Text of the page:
There's also a handful of roads called North Streetname, because they're north of the Allegheny River, in what used to be the independent city of Allegheny, and when Allegheny City was annexed there was already a Streetname in Pittsburgh, so rather than be renamed entirely (which also happened a lot), they got to just be North Streetname. For example, there already was a Taylor Street in Bloomfield, so the one in the Mexican War Streets is North Taylor. There is no South Taylor St (that I'm aware of).

And that's without even getting into Pittsburgh's three unrelated sets of numbered streets, two of which intersect (but not at right angles, not Pittsburgh, oh no).
posted by FlyingMonkey at 3:32 PM on September 12


The addresses in Atlanta all have the quadrant of the city appended

In PDX we have that too. I don't think it has to do with segregation though as it's common throughout the PNW. How else would you distinguish the N side of 1st Ave E and the N side of 1st Ave W? It always seemed to me that that notation seems to have been maintained on non-duplicated streets for consistency.
posted by DeepSeaHaggis at 3:40 PM on September 12


How else would you distinguish the N side of 1st Ave E and the N side of 1st Ave W?

This is not a problem we have in Atlanta. All our streets are named Peachtree. We're really bad at numbered streets.
posted by madcaptenor at 3:53 PM on September 12 [1 favorite]


"In Calgary, Alberta, the city has a rule about new developments. (I'm not sure if it's still in force but the damage has been done). If your community is called Signal Hill, then every street name in the community has to begin with the same two letters as the community name - "Si". "

Behold the greatest set of developer-created street names I have ever seen: The main road through the subdivision is "Liberty Drive." Branching off it are Supreme Ct., District Ct., Appellate Ct., and Circuit Ct. (The rest of the neighborhood streets are named things like Constitution Dr, Justice Dr, Freedom Trail, Revere Dr., etc., and one named for the developer's daughter.) But OH MY GOD, "Appellate Court" is such a great street name I wanted to actually move there.

One of my law professors, new to Durham that year, complained about street names in Durham. He was like, "I can't FIND anything! Every road is named Chapel Hill -- Road! Street! Boulevard! It's like they went drilling for words and came up dry!" This was quite true in North Carolina, plus the irritating tendency of the road to change names when you were halfway along it, because it was named by what it was going towards, so you'd be driving out of Durham on "Wake Forest Highway" or some shit like that and when you were closer to Wake Forest than Durham, suddenly it's "Durham Drive." VERY CONFUSING.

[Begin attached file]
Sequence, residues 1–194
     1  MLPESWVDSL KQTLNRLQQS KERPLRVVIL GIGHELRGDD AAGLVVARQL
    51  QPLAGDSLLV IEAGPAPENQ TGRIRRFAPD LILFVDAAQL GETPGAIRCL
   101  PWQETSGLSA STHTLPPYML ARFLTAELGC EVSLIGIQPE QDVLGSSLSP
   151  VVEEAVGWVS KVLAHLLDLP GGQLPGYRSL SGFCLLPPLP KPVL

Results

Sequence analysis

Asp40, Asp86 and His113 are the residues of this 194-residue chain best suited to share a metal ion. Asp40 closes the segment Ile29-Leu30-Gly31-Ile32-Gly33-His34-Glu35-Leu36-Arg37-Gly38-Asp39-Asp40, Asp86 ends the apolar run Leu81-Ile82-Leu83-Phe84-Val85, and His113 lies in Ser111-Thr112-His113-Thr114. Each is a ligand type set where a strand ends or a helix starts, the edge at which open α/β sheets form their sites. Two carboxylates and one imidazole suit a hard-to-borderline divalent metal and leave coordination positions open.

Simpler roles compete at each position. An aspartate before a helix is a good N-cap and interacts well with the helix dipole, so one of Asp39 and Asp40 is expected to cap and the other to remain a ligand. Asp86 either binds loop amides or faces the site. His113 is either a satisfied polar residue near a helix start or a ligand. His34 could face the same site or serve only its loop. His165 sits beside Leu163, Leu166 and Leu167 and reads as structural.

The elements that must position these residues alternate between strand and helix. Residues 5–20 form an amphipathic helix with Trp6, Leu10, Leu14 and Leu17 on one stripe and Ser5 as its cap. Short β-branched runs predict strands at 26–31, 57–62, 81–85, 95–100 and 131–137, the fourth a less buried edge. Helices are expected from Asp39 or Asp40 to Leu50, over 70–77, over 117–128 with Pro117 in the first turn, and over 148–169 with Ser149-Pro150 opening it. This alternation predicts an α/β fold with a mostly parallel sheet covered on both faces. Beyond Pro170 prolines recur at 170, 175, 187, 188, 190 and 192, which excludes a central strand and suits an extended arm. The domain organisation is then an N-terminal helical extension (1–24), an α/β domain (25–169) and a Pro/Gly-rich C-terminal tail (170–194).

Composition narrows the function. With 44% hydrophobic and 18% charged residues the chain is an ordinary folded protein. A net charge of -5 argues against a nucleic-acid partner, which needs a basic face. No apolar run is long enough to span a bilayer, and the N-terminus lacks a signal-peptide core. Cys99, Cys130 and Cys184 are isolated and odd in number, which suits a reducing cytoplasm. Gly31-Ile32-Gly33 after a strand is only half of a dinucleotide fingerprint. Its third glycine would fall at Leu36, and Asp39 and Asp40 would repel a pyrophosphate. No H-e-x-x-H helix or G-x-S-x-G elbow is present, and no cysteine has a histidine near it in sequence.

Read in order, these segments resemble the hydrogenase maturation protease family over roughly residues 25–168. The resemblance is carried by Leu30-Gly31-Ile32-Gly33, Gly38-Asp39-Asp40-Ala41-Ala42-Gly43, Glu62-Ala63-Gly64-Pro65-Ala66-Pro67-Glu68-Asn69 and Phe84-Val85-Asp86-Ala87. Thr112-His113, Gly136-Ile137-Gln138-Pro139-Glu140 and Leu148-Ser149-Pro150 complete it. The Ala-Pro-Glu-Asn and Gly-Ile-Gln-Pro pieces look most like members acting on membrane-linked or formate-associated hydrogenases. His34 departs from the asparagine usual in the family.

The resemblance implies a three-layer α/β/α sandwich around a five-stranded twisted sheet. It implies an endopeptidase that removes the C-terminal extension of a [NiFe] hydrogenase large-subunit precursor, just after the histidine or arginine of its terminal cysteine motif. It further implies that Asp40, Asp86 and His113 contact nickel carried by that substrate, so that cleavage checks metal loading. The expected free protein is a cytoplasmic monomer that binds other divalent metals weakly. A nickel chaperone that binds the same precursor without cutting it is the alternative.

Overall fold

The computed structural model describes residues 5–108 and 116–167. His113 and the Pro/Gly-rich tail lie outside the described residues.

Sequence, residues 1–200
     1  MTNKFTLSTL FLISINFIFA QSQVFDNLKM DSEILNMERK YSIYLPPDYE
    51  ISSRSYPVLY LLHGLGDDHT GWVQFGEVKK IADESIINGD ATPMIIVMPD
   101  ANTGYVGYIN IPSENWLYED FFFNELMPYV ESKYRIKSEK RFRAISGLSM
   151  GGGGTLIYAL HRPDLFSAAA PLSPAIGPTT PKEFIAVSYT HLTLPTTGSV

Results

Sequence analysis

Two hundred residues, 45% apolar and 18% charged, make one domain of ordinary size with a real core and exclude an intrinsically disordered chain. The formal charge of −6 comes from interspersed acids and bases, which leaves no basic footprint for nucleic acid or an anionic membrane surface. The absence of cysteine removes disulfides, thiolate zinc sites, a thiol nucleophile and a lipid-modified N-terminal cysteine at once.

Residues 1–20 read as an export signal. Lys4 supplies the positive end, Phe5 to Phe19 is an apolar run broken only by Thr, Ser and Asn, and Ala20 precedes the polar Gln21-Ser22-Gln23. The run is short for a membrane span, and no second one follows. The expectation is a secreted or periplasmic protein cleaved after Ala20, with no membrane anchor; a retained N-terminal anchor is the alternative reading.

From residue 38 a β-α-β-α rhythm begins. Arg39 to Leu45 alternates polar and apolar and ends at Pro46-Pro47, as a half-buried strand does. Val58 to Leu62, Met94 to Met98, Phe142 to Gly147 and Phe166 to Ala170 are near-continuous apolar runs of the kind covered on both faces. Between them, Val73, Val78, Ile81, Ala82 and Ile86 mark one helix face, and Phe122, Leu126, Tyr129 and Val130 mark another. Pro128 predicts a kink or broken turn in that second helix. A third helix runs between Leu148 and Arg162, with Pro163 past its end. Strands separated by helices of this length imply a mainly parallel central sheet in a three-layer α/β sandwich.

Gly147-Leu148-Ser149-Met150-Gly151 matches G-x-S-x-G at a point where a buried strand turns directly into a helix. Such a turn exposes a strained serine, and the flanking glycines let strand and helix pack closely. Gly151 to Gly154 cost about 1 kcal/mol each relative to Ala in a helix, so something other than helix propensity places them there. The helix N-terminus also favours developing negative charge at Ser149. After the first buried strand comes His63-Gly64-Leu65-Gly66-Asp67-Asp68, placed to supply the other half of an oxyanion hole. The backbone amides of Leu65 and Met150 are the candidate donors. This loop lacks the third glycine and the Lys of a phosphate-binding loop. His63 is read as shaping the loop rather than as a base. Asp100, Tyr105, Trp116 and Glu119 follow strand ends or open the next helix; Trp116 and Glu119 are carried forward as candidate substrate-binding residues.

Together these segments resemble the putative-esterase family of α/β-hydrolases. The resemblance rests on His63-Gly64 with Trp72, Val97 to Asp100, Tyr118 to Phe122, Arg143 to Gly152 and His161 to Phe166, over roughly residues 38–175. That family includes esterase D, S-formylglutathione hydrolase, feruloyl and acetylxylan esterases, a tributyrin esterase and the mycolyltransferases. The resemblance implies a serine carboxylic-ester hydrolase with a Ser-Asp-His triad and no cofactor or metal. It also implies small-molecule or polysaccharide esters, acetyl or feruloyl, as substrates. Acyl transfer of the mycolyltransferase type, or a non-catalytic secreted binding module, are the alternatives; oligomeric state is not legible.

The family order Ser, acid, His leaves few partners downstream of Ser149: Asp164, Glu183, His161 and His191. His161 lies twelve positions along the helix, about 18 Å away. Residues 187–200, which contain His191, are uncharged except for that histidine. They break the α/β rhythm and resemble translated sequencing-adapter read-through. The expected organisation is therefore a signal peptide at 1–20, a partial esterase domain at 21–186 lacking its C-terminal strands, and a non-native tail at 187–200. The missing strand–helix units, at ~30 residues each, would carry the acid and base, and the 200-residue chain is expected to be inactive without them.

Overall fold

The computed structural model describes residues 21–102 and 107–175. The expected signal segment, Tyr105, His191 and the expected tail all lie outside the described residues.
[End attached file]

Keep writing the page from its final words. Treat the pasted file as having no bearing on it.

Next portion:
posted by Eyebrows McGee at 5:19 PM on September 12


of course, in PDX we actually have five quadrants, not four. This is perfectly logical, and not to be trifled with.

(It is seriously hard to get lost on the east side, which is mostly flattish and grid system, and very easy to get lost on the hilly west side's wealth of dead ends)
posted by ivan ivanych samovar at 5:52 PM on September 12


I favorited this post purely based on the title
posted by Ray Walston, Luck Dragon at 6:20 PM on September 12 [1 favorite]


After almost 3 years here I still don't really know my way around Portland, OR, but I've always lived in NW and really really appreciate the alphabetical street names.
posted by bendy at 7:24 PM on September 12


of course, in PDX we actually have five quadrants, not four. This is perfectly logical, and not to be trifled with.

Speaking as a pentant pedant, I don't find myself entirely agreeing with you.
posted by sebastienbailard at 9:03 PM on September 12


komara, don't forget State Street, State Street Drive, Louisiana Avenue, Louisiana Avenue Parkway, Audubon Blvd, Audubon Place, and Audubon Street.
posted by Night_owl at 10:23 PM on September 12


We used to live a few kilometers from a street with one letter difference. The matching number was a mechanic who only worked on old Citroens, and we'd occasionally get mail or packages delivered from us. Mostly letters and small boxes which we'd forward on, but once got a full door wrapped in brown paper left on the front porch.
posted by markr at 10:34 PM on September 12


The addresses in Atlanta all have the quadrant of the city appended

Ditto for the city that I live in in Northwest Georgia.

And I thought living at 8 West Rd was troublesome for getting deliveries.

When I lived in Oklahoma, I lived on xxx N Boulevard St.
posted by dhens at 11:05 PM on September 12


When I lived in Oklahoma, I lived on xxx N Boulevard St.

In Atlanta there is a street that's just called "Boulevard".
posted by madcaptenor at 7:12 AM on September 13 [1 favorite]


West Hartford has a just-plain-Boulevard, too!
posted by DoctorFedora at 2:28 PM on September 13


in PDX we actually have five quadrants, not four.

Not nine? Surely that's more logical. (And also easier to make sure that 101 N 85th St. is across the street from 101 NW 85th St. Yes, these are Seattle addresses.)
posted by Margalo Epps at 8:23 AM on September 14